If you need to open a bank account for your entity, you will need to get an EIN from the IRS. An entity that just owns other companies wouldn't need an EIN or a bank account. The first time you create an entity, you will have to give your SSN as the owner or responsible person on the EIN application. The IRS has a form to change the responsible person later if you so choose. Once you have one entity with an EIN, you can use that entity's EIN to get an EIN for other entities it owns and this enhances your privacy. If you are planning on creating an NPC and an LLC, I would suggest getting an EIN for an NPC first and then use the NPC's EIN as the responsible person when applying for the EIN for the LLC. There are several methods that can be used to submit an EIN application: online which takes less than 30 minutes, via fax which takes about a week and via US mail which takes 4 to 6 weeks.

Any entity you create that will handle money will need a bank account. You can use a local, regional or nationwide banks. If you are opening an account for an entity that was created in another state, you may find it easier to use a regional or nationwide bank. Banks that operate in only one state may be reluctant to open a bank account for an entity created in another state unless you take the extra step of cross registering the entity in the state where you reside. In some cases, you will loose a lot of your privacy if you cross register the entity in the state where you reside. If one bank refuses to open an account, go to another bank or even another branch for the same bank. To open an account for an LLC, you will need to show the banker the Operating Agreement, Certificate of Organization from Missouri and the EIN. To open an account for an NPC, you will need to show the banker the Articles of Organization, Certificate of Good Standing from Arizona and the EIN.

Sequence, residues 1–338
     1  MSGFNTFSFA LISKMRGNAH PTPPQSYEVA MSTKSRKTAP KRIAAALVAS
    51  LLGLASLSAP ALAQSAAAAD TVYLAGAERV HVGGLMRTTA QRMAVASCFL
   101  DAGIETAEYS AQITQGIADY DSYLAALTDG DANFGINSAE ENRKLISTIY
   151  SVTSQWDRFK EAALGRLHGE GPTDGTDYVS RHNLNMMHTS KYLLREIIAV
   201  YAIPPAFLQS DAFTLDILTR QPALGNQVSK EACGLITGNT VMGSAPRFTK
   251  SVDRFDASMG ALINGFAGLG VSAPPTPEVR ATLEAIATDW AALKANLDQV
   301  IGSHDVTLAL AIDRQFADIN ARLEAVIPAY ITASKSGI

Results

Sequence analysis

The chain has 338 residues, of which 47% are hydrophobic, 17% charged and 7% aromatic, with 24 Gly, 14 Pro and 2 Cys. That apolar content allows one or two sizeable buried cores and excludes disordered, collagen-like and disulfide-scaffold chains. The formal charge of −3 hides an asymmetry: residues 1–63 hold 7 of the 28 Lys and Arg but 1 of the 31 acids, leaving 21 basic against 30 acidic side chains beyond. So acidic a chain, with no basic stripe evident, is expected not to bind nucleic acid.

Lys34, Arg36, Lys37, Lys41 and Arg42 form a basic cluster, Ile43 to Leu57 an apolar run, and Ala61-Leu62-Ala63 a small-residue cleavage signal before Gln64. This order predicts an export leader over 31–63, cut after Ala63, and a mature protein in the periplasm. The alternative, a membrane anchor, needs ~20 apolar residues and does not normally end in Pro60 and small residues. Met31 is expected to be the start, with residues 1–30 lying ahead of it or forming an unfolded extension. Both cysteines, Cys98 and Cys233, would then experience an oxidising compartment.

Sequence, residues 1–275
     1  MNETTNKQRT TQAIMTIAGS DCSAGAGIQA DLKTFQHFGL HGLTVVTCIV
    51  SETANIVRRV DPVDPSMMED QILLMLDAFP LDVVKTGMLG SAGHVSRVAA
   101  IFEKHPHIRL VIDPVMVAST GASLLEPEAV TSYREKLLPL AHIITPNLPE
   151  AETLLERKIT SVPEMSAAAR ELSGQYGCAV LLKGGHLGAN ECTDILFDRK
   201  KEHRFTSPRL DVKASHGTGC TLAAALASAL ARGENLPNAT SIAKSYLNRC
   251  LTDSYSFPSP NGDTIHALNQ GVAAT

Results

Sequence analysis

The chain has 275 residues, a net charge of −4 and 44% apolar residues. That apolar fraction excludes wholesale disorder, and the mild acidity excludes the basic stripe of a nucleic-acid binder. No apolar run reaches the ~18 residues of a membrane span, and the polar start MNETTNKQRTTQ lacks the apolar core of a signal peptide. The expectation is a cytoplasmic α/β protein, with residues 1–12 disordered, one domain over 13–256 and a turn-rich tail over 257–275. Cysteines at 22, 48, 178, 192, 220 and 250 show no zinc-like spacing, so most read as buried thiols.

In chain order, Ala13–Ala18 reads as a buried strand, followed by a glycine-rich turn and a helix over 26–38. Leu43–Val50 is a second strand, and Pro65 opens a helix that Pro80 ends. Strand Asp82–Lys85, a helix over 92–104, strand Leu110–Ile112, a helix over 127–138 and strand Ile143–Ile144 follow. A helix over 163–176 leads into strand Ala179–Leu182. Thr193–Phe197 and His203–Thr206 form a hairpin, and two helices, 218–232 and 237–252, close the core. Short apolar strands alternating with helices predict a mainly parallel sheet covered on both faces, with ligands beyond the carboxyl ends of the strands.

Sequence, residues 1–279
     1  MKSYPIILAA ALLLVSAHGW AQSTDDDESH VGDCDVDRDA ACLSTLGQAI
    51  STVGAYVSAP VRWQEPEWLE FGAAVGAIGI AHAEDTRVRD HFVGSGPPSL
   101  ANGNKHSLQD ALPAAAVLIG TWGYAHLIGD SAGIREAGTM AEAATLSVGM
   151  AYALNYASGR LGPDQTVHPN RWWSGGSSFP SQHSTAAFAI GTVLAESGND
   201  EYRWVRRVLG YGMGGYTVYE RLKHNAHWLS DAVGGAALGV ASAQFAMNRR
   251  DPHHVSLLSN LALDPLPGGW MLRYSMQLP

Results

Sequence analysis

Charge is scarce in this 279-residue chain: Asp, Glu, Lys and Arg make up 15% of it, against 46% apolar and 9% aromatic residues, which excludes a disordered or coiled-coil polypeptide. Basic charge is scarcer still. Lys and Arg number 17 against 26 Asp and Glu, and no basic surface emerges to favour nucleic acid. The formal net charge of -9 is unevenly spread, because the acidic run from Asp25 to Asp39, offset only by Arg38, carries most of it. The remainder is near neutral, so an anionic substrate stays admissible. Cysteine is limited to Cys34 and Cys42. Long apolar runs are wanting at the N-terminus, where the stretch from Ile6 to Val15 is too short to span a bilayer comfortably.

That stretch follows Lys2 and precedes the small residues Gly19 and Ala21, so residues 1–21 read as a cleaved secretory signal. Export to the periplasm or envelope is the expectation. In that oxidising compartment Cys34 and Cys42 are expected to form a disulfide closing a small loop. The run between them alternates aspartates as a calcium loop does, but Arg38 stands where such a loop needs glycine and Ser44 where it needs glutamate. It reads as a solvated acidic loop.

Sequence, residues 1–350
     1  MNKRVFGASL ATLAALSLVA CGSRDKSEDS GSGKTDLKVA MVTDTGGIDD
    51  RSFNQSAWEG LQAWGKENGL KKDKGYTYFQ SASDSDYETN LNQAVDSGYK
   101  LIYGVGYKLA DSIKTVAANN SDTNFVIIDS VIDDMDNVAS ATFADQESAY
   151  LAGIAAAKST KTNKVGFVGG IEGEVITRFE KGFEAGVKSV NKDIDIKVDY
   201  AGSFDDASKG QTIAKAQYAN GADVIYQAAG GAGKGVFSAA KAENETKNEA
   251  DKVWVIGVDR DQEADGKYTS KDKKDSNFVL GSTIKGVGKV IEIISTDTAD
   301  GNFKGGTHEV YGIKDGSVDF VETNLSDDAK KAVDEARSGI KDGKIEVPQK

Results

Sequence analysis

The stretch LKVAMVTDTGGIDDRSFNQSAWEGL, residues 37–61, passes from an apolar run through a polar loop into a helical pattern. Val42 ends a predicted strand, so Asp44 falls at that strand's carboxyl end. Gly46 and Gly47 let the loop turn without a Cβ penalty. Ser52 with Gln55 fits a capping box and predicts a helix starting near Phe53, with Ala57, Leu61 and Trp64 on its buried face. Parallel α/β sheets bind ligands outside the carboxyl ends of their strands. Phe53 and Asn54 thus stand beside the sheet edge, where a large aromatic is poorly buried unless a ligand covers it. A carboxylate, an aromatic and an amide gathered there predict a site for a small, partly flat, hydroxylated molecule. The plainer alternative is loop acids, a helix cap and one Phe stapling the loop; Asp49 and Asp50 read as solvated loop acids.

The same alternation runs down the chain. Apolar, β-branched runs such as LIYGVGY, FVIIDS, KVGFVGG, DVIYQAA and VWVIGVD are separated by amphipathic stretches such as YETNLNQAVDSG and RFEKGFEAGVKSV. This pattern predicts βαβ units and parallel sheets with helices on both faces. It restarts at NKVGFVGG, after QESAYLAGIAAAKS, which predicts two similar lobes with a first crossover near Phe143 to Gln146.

It is customary for entities to hold meetings and to record the decisions that are made in the meeting on minutes. Meetings and minutes should be created at least yearly for each entity. Special meetings can be called to when important decisions need to be made before the next annual meeting. The meeting minutes demonstrate to any outside party that the entity is being operated as a separate “person” from you, not an alter ego. Some sample minutes are provided for the LLC and NPC on the web pages shown below.

The details of how to create an LLC and an NPC are too lengthy to include in this article. I have created a web based page where I have posted the full details needed to create an LLC in Missouri. Click here  to see all the details. This page doesn't tell you everything you need to know to operate the LLC over the long term, so you will need to do some additional study on your own. I suggest the book Limited Liability Companies For Dummies” by Jennifer Reuting. The web page has some audio files that provide more information on using LLCs. After displaying the web page, download all of the files and study each file. The web page has a "Read Me First" text file that contains an explanation of each file on the page. The files include the template for the Operating Agreement and sample minutes.

I have created another web based page where I have posted the full details needed to create an NPC in Arizona. Click here to see all the details. The page has some audio files that teaches more about the NPC. The web page explains some very attractive tax advantages that this entity possesses. This page tells you everything you need to know to operate it over the long term. After displaying the web page, download all of the files and study each file. The web page has a "Read Me" text file that contains an explanation of each file on the page. The files include the temple for the Articles of Organization and sample minutes.

I hope you find this information helpful.


it-man